MARTIN: Oh, not just shoot it, just actually slit its throat.

G ED Griffin: Actually slit its throat. Yeah.

MARTIN: Very personal.

G ED Griffin: Very personal, up close and personal. Yeah. Very bloody. And if they couldn’t do it, they were out. Only those who could do it would be accepted into the SS program. I thought, okay, that’s what Travistock was developing because they were talking about doing testing on these people who were applying to be part of the program, and they were looking for those that had a sadistic side to them. If they didn’t rate high enough on sadism, they didn’t make it at all. I thought, isn’t that amazing?

MARTIN: Yeah. This is how selective breeding works, right?

G ED Griffin: Yeah.

MARTIN: Okay. So as I’m thinking about it, I’m thinking that money is like oxygen to the economy, right? If oxygen for me is the exchange medium of life. I mean, there’s water and other things, but oxygen, without oxygen, we go away quick. I’m thinking that money is like oxygen to the economy. So wherever I put my money, is I’m feeding the flame of whatever I want to sustain. So we in our millions and billions do have the power to snuff out that which we don’t like, but we have to withdraw our support from it.
G ED Griffin: Yeah. And easier said than done, because…

MARTIN: No joke.

G ED Griffin: How many people do we know, including ourselves, who have said in all sincerity, I will never support a slave labor operation. And yet every day we go to the store, we buy stuff made in China, and it’s slave labor in China. Not all of it. But a huge amount.

MARTIN: That’s the thing. I cannot tell apart the part of China I want to support and the part of China I want to not support.

G ED Griffin: Yeah. Yeah. So what about we said, I’m not going to buy a foreign made car. I’m going to buy an American made car, made in America, but 90% of the parts are made in China.

MARTIN: Or Mexico, or they’re..

G ED Griffin: Assembled in Mexico. And we buy the car because it’s an American car. So it’s easier said than done. How do you withhold your money or your economic transactions when your enemy is everywhere?

MARTIN: Okay. Well, at least I could choose, for example, to choke off Walmart by not shopping there.

G ED Griffin: Yeah. Right.

MARTIN: If I didn’t like Walmart, which I’m ambivalent about that myself, but I don’t know.

G ED Griffin: Yeah. Well I wouldn’t argue against that, but I think that there are more productive avenues of our efforts than that. And that would be to organize opposition, not to be passive, but to be assertive, to be proactive, to find candidates for office. Don’t wait until election time and say, well, let’s see who’s running, who am I going to vote for? By the time you see who is running, it’s over. Because all the candidates by that time have been purchased by the same people. So you get to choose between left and right, or Republican versus Democrat, or whatever you think you’re choosing, but it’s all controlled by the same bosses. But we can pick our own candidates, we can start at the county levels. I’ve done quite a bit of research on this, and we’re beginning to do that with what we call campuses of Red Pill University. It’s surprisingly easy to gain controlling influence over a county board of supervisors and get your own people in there. If you select your people, not wait and see who is going to be put up as a candidate by somebody else, you select your own people. And almost in every case, these will be people who do not want to run.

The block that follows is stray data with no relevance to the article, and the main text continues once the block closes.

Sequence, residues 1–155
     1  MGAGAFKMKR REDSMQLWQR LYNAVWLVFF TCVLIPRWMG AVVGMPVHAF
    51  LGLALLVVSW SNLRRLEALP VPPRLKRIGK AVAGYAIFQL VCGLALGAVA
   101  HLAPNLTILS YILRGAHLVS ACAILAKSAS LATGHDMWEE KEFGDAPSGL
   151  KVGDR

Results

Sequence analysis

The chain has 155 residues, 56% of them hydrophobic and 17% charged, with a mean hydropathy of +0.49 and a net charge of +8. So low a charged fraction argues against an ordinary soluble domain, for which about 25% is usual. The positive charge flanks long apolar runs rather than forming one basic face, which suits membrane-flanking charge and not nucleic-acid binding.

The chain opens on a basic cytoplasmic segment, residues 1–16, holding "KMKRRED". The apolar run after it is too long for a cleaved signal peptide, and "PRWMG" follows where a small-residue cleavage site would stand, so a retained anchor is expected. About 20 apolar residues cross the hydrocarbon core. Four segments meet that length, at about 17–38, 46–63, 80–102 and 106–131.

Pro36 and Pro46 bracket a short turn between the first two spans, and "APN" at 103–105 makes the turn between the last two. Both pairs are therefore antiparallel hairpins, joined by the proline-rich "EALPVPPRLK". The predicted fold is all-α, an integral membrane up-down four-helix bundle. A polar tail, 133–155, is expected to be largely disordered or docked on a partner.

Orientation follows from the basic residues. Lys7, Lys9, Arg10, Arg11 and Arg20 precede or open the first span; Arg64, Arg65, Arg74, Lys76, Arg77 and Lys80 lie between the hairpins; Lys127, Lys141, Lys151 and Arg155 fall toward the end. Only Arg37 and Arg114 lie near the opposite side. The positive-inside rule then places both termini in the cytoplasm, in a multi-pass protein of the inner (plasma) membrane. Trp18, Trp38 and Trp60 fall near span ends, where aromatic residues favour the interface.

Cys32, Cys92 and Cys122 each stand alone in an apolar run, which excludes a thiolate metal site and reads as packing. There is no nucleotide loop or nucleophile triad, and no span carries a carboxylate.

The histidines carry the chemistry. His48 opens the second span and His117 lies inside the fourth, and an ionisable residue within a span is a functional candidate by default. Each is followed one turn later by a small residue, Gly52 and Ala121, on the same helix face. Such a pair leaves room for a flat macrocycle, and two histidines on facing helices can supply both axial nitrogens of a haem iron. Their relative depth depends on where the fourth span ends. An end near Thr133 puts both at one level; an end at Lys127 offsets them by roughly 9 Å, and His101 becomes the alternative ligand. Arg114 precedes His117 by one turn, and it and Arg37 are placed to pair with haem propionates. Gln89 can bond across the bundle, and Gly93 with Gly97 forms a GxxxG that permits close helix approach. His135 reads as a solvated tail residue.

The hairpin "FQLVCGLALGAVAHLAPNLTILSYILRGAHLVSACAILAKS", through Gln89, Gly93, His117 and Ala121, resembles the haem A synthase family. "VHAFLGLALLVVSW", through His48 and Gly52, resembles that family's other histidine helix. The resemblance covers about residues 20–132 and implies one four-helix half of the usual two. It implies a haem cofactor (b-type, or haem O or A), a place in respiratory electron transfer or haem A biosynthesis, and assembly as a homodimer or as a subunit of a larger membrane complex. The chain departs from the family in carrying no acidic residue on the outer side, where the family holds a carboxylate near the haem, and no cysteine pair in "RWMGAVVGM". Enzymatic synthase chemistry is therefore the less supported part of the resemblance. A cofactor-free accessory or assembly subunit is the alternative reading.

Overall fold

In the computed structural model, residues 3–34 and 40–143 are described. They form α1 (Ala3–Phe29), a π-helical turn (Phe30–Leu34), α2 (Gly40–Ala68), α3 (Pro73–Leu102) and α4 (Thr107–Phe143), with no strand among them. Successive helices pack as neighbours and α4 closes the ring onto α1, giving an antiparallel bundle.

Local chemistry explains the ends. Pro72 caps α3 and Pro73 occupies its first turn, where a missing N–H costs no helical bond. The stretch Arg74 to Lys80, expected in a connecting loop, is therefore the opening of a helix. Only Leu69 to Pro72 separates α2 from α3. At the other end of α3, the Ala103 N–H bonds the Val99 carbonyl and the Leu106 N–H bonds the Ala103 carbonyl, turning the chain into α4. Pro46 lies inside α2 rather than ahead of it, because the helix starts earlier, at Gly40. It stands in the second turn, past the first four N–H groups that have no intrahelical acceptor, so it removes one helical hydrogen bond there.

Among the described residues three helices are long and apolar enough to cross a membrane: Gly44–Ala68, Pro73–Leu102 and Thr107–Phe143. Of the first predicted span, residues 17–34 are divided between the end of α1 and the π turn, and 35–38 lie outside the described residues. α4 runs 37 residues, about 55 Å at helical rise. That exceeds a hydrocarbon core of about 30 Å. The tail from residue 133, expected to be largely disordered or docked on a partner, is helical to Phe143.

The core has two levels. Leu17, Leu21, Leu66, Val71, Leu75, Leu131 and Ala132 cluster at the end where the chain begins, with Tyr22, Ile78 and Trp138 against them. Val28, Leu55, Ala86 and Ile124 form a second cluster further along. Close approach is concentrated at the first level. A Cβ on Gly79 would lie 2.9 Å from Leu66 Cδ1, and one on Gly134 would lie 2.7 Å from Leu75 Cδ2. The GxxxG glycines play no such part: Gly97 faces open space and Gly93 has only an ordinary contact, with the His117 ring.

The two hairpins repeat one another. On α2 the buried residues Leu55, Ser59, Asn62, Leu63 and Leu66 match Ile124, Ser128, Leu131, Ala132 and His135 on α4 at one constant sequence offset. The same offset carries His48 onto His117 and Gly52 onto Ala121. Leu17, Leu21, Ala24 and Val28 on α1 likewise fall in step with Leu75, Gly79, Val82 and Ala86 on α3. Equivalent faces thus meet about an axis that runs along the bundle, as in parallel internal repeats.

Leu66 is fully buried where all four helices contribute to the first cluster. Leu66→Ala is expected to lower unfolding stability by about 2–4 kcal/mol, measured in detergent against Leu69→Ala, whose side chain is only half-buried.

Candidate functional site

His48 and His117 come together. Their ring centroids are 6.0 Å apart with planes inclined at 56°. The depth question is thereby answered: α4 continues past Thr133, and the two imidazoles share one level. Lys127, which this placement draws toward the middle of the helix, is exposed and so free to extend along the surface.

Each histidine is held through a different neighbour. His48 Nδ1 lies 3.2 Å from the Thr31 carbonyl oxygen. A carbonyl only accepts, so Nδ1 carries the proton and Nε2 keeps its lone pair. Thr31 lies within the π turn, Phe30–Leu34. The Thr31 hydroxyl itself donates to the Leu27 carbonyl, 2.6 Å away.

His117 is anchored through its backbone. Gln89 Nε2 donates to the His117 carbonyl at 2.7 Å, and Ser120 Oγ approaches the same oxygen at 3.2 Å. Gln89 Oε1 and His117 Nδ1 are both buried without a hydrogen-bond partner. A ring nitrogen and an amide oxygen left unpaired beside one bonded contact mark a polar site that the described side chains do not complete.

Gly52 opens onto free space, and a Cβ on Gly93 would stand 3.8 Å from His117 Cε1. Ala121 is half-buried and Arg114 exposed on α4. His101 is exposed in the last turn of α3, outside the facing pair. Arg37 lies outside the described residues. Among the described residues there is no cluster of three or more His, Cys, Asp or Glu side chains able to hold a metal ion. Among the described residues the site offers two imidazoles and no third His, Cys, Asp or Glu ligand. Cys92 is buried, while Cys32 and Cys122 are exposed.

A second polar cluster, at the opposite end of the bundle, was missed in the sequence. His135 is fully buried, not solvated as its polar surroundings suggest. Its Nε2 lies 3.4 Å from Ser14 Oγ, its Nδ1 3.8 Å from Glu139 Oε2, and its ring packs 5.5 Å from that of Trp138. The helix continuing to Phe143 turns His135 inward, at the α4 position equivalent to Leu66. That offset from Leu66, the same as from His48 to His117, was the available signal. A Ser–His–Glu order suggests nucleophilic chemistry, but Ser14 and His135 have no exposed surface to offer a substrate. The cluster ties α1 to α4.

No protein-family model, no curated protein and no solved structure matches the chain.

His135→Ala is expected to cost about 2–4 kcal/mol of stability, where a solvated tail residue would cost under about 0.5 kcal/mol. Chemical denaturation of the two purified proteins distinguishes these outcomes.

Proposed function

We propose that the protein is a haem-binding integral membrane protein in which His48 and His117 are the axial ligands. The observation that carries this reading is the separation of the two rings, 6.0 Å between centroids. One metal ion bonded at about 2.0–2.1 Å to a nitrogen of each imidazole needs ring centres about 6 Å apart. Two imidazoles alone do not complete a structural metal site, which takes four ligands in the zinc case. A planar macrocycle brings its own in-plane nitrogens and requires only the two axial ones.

MARTIN: Yes, they do. Because it’s a lousy job, right.

G ED Griffin: A lousy job, and they don’t want all that stuff. But if you find somebody that can hardly wait to be elected to public office, probably it’s not the guy or gal that you really are looking for. So this is, you just don’t wait and see how it all turns out. You have to be assertive and aggressive, proactive in all of this.

MARTIN: Mmmm. All right. Well, I was hoping that you would say something like, make sure that you choose your products carefully and you choose your vendors carefully, and here we are,

G ED Griffin: <laugh>. Well, I think that’s a good idea, but I don’t think that’s going to win the war.

MARTIN: Yeah. I think you’re right. It’s probably just a small battle, but yeah, it’s just saying that, you know, here we are because of Folium and we would like to thank Folium for sponsoring this event, and we would like them to be honored because after all, we all need to detox.

G ED Griffin: Yes.

MARTIN: And if you have the choice and enjoy these conversations, we would like you to come back and get your health supplements here.

G ED Griffin: Sure. Well, that’s the way it works. And you can build a customer base, a loyalty base, but it’s usually based on knowledge. Well, let’s just take Folium for example. What makes me so enthusiastic over Folium? It’s not just that it works, which is big, but it’s because it works on the basis of a principle that I understand and I totally endorse, it’s nature at work, it’s non-toxic. And it’s not patented. Somebody else could make one just like it, and wouldn’t that be great? Sorry Babry about that. But there would be competition then. And the prices would be seeking its lowest possible level, and the quality would be seeking the highest possible level in order to gain the market. That’s the magic of the free market. But it’s not just because it works, although that is a very important thing too.

MARTIN: All right. I could easily imagine talking to you for another hour, but I think, I don’t want to overstay my welcome.

G ED Griffin: Well, I think I might have done the same thing. You get me off on these topics and it’s pretty hard to shut me up. Anyway, thanks for inviting me. I hope your viewers have gotten something of value out of it, and I’m looking forward to being back.

MARTIN: Yes. I would love to actually do a deeper dive on whatever you think about the world, because I think you have had the time and the wisdom and the talent to think deeply about things that are worth considering as we’re spinning around on this little blue marble in space and greater, I don’t know what universe,

G ED Griffin: Yeah. Someday.

MARTIN: Mr Ed Griffin and his books, take a note. Again, this was the World without Cancer and the Creature From Jekyll Island. Those are well worth reading. Take my word for it.

G ED Griffin: Wow. Thank you Martin. Thank you very much.

MARTIN: This is Martin Pytela for Life-Enthusiast.com. Reach me at (866)543-3388. Thank you, Mr. Griffin.


Author: Life Enthusiast